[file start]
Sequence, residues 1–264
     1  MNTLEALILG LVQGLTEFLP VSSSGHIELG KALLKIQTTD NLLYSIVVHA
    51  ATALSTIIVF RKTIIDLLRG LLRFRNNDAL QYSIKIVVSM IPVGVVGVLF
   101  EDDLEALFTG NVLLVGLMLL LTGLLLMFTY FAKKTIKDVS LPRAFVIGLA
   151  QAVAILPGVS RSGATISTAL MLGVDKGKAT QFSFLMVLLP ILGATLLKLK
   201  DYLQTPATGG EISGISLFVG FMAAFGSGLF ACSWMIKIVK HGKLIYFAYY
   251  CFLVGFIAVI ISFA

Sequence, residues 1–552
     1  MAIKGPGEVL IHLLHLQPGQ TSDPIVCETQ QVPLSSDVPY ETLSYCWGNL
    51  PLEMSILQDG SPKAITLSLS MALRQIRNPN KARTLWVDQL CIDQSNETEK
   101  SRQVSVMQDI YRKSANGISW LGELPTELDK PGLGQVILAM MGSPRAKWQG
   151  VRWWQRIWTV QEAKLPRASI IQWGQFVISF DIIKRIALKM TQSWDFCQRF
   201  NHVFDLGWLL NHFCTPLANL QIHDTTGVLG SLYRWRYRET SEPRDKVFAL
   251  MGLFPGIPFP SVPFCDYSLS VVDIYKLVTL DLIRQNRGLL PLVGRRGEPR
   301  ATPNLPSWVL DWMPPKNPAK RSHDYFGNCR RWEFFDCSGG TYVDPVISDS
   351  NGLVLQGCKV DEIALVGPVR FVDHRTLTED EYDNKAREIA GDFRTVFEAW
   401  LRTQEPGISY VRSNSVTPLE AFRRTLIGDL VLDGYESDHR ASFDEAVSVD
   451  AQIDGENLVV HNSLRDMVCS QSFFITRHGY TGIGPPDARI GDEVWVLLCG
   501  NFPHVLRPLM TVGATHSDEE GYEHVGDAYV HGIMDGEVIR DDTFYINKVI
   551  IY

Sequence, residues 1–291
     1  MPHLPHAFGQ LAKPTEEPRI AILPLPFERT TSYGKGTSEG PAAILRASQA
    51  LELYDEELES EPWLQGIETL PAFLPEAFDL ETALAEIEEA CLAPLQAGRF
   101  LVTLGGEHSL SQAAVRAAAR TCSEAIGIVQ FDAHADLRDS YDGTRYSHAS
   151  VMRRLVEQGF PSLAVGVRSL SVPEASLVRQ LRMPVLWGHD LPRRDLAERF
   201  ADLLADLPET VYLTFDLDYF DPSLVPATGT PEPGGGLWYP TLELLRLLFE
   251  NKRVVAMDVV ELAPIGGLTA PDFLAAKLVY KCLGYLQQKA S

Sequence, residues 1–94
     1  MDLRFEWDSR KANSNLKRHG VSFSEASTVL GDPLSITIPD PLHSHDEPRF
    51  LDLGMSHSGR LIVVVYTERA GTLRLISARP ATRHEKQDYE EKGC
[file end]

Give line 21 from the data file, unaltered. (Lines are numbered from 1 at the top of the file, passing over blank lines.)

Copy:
Sequence, residues 1–291